Blatantly not all tight looks cheap, just ask Roland Mouret. But in general, considering your hemline and the fact that cheaper shops (or vintage clothes) can sometimes come up a bit smaller will take you a long way. Going up a size can look luxe and sexy, allowing the clothes to skim your body. And while a very short dress in a 60s style can look ace, that length may look like the manufacturer has skimped on fabric in a different style. Consider wearing (good quality) leggings with dresses that come up short, or avoid items that come up too short altogether. Honestly, even if you love it, sometimes it just isn’t worth buying if you end up having to tug at it all the time, lest you flash your frillies.

On the size thing, this is simple: if in doubt, go up a size. Cheap clothes usually don’t look better tight as the material is less forgiving, so just ignore the label and trade up.

This dress cost about a tenner from Primark but it's got a thickness and drape that looks edgier and pricier
This dress cost about a tenner from Primark but it’s got a thickness and drape that looks edgier and pricier

Think fabric, through thick and thin

When you’re sifting through rails of stuff, the quality of the fabric is something well worth bearing in mind. So much is a matter of taste, and opinion. But if you take one rule with you when shopping, think ‘thick or thin’. Fine knits and jersey can look way more expensive than they are, flowing over the body and looking v classy indeed. Equally, I have a shift dress from a very budget high street retailer that lives and dies on the fact that the material is thick enough to avoid showing bulges and underwear lines. So think about thicker-than-usual, and thinner-than-usual fabrics to fool the casual observer.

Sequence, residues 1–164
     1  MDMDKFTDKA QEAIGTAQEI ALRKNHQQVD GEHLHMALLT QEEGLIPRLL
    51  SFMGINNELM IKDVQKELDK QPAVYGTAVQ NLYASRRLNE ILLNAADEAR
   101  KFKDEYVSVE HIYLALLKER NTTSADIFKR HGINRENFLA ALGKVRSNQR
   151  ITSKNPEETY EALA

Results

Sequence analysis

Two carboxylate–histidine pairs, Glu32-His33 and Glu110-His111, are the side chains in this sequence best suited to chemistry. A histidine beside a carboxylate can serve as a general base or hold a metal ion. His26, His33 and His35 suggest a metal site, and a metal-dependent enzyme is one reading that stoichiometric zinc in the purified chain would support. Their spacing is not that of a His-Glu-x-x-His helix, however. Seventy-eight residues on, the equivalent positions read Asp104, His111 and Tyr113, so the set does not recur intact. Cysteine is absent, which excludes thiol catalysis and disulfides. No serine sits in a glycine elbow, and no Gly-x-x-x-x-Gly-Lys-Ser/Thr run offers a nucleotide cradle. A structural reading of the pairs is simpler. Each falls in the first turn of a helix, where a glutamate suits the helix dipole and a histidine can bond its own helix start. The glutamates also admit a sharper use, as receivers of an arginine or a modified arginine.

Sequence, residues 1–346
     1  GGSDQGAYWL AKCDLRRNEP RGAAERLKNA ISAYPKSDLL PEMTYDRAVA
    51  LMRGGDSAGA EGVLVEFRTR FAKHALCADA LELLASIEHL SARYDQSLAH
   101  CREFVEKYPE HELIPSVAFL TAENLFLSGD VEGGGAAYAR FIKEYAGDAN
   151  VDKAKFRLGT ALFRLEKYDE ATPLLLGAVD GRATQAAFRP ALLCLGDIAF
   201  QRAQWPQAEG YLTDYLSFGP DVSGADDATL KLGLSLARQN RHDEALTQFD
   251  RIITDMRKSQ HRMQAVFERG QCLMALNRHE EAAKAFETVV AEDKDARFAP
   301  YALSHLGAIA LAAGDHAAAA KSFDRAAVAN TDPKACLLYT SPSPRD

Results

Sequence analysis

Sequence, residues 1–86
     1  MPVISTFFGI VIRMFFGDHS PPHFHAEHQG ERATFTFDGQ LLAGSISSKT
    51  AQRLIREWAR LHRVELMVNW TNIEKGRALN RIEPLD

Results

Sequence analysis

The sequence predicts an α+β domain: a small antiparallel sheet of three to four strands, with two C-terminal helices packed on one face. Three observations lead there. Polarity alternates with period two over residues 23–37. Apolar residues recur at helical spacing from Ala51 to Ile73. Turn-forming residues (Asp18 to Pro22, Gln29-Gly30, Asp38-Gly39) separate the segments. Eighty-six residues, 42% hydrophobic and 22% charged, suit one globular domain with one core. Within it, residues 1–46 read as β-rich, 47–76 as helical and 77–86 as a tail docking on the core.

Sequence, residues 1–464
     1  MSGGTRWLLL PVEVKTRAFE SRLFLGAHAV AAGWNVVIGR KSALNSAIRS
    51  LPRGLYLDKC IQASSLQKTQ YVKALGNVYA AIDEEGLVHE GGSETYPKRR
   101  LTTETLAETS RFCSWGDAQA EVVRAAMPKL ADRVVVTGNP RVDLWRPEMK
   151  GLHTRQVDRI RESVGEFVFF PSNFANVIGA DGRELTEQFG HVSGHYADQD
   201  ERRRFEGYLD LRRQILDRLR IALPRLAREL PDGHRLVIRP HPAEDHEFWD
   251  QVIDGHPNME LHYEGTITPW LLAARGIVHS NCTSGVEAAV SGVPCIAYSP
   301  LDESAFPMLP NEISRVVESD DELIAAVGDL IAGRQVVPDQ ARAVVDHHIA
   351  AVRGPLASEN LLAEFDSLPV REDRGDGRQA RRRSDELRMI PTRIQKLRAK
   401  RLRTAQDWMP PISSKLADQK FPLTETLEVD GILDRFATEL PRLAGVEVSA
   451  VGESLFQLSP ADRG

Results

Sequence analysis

As a tall woman (about 5’11” to be far from exact) I struggle with trouser lengths, among other things. Our office is very casual, but when I go to conferences, I often choose a dress, which I’m afraid for the most part I can’t get super-cheap. But one cheap item that makes all the difference is the quality of your tights! I hate these damned leg prisons but they finish off a smart outfit and opaque tights hide a multitude of sins, so a necessary evil they remain. I like M&S when I’m near one and can afford their tights, but otherwise I will usually go for Primark. My absolute, 100% top tip is to go for control top tights- they don’t really control anything, but they tend to come up higher on the body, creating a smoother silhouette and making your clothes fit and sit better.

And a serious point on leggings: they are not trousers and they won’t give you the coverage you need, so cover the majority of your bottom, and your mimsy, please!

And finally, be a canny sale-shopper

I ask you to cast your mind back to the beginning of this article- I know that seems a long time ago but bear with me- to my reference to an orange polyester shirt I once bought in the Next sale. As a terrible magpie up until fairly recently, I used to love lairy, loud clothing that I thought reflected my personality. These pieces can be fun but if you’re getting them in a sale then often they’ll be coming to the end of their fashion life and probably don’t have longevity on their side. Instead look for classic bits that you’ll be able to wear later, even if you put them away for now. This is a blog post in itself but here are a few ideas to whet your appetite: faux fur jacket; camel coat; brogues or loafers; Breton tops; a denim shirt; plain jumpers; any kind of neutral basic. Sales are a great time to get slightly better quality items for less, but you still have to be clever about it. Lots of shops act like they have the right to charge more, but the quality isn’t really there. A grey fine knit J Crew vest for £18 though? Why thank you very much!

Cashmere on a budget, why yes please! (stolen from Kathryn)
Cashmere on a budget, why yes please! (stolen from Kathryn)

Have you got any tips for snazzy dressing on a budget? I WANNA HEAR THEM!


Category: Style